Rabat- In what some local media outlets have compared to the fury that led young Iranians to take the American embassy hostage in 1979, dozens of angry deported Malian migrants recently stormed the Algerian embassy in Bamako, attacking the building with stones and leaving the building in ruins.
The incident is said to be a follow up of the expulsion of 94 Malian migrants from Algerian territory last week. Armed with stones and some other metallic materials, the angry deported migrants took out their anger, fury, and frustration at the North African country’s diplomatic representation in their country, hoping that this desperate act would send signals as to what the general mood is regarding Algeria’s mistreatment of sub-Saharan migrants.
According to reports, constant police patrols and administrative humiliations are not the only things that sub-Saharan migrants suffer from in Algeria. Some of them—generally Guineans, Malians, Nigeriens, Ivoirians.—are said to be “thrown to the desert”: abandoned in no-man’s land of militia and terrorist groups in the desert between Mali and Algeria.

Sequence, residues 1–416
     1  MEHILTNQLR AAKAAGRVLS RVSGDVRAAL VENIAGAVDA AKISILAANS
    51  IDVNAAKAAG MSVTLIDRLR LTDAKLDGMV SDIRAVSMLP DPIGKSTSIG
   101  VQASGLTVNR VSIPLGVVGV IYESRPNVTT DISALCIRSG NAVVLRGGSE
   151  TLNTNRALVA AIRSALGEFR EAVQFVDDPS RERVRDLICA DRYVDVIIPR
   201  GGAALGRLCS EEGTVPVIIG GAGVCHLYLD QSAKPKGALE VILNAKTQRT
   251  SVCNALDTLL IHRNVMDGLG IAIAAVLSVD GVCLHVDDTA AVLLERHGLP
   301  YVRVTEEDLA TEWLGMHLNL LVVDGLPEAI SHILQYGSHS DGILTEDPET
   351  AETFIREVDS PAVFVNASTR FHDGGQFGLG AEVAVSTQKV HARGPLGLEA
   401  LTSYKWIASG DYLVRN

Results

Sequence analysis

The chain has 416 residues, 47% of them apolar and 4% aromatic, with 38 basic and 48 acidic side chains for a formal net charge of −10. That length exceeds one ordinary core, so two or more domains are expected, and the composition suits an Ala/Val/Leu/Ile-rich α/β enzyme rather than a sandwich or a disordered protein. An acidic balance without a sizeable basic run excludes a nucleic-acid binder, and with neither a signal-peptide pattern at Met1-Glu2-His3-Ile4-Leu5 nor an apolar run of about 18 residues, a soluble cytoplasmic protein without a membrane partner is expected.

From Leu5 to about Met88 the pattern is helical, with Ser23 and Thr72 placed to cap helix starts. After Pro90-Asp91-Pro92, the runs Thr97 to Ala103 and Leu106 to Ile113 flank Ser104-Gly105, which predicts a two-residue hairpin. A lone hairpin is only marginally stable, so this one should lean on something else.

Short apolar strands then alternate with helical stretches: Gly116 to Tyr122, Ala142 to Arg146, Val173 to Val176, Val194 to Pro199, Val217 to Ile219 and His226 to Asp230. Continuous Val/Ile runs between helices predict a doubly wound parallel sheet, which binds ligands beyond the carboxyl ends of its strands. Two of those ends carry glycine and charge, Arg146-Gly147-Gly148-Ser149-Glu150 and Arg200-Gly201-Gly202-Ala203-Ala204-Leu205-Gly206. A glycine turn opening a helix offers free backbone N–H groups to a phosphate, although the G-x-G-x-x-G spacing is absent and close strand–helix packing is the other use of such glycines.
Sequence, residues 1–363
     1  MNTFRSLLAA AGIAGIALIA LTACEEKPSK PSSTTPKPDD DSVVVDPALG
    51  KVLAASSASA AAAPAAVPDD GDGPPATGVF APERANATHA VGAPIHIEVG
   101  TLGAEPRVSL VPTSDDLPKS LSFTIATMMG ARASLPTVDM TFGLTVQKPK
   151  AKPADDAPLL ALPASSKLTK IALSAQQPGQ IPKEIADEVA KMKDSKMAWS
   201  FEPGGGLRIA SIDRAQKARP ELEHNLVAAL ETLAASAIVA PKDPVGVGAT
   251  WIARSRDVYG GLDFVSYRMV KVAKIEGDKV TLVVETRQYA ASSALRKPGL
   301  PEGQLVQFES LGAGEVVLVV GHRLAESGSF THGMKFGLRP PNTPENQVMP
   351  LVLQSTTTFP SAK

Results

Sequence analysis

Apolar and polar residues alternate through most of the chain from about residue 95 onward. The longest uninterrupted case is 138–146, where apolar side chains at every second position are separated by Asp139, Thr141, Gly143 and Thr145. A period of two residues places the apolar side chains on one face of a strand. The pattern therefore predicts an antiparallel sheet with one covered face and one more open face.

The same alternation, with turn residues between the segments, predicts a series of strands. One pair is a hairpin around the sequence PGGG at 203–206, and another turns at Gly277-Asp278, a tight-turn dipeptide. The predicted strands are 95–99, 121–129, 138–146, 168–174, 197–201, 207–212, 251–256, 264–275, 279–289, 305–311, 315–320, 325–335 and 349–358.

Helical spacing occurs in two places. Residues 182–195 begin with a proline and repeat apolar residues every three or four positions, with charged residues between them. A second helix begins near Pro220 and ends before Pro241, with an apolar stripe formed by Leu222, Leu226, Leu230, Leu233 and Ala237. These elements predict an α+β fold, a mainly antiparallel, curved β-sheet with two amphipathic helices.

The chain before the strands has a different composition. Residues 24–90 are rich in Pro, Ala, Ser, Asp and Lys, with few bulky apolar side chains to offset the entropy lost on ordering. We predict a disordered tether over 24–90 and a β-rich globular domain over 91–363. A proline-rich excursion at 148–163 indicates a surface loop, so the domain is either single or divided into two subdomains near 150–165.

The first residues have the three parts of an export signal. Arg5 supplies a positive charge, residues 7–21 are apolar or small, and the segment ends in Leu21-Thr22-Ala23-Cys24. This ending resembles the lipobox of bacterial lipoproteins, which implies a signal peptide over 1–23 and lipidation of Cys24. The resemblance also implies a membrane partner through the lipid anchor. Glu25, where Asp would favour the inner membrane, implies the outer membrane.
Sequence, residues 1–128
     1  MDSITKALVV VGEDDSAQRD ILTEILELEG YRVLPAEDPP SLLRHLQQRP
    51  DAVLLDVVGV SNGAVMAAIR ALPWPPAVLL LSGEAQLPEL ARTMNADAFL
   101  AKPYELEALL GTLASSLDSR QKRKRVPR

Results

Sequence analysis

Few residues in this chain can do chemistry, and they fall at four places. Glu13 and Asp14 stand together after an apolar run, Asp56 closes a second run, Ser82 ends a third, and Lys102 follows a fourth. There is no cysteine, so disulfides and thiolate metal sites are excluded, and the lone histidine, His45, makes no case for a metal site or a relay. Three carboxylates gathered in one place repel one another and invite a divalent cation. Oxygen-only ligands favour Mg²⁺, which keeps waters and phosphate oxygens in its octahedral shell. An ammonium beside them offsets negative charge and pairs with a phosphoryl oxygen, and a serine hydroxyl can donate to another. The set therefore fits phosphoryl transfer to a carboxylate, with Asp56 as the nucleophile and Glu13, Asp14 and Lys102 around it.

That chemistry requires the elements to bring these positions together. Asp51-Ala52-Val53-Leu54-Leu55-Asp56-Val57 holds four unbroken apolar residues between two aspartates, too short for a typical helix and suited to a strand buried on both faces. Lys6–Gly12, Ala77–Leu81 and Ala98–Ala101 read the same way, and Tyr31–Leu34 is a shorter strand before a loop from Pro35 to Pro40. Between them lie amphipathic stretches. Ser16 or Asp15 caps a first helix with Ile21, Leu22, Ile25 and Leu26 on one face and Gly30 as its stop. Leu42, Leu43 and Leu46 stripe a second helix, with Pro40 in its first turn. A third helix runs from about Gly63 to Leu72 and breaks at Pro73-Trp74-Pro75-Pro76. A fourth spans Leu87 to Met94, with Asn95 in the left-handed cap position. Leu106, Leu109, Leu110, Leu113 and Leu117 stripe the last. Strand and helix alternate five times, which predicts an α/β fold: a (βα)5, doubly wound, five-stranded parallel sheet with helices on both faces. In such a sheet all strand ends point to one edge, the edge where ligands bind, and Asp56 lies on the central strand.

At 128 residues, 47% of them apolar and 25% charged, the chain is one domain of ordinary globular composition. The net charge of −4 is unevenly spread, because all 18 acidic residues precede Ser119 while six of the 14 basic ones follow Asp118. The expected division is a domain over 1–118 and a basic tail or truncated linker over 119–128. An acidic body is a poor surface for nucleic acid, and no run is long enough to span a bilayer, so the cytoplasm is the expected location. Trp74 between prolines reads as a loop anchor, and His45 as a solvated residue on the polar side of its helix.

Some of the expelled Malian migrants have confirmed this fate. Despite overwhelming criticism at the inhumanity of Algeria’s policy vis-à-vis sub-Saharan migrants, the North African country is nowhere near ready to mend its ways, and maintains its harsh and repellent migration policy, especially towards sub-Saharans.
Last week, another 120 individuals were stranded in Bordj Badji Mokhtar, forced to walk 2 days before reaching Malian provinces. The incident at the Algerian embassy in Bamako, incensed protesters to make a statement that Africa and the AU should have made to Algerian officials long ago: membership in the continental union demands that fellow Africans be treated with respect and dignity.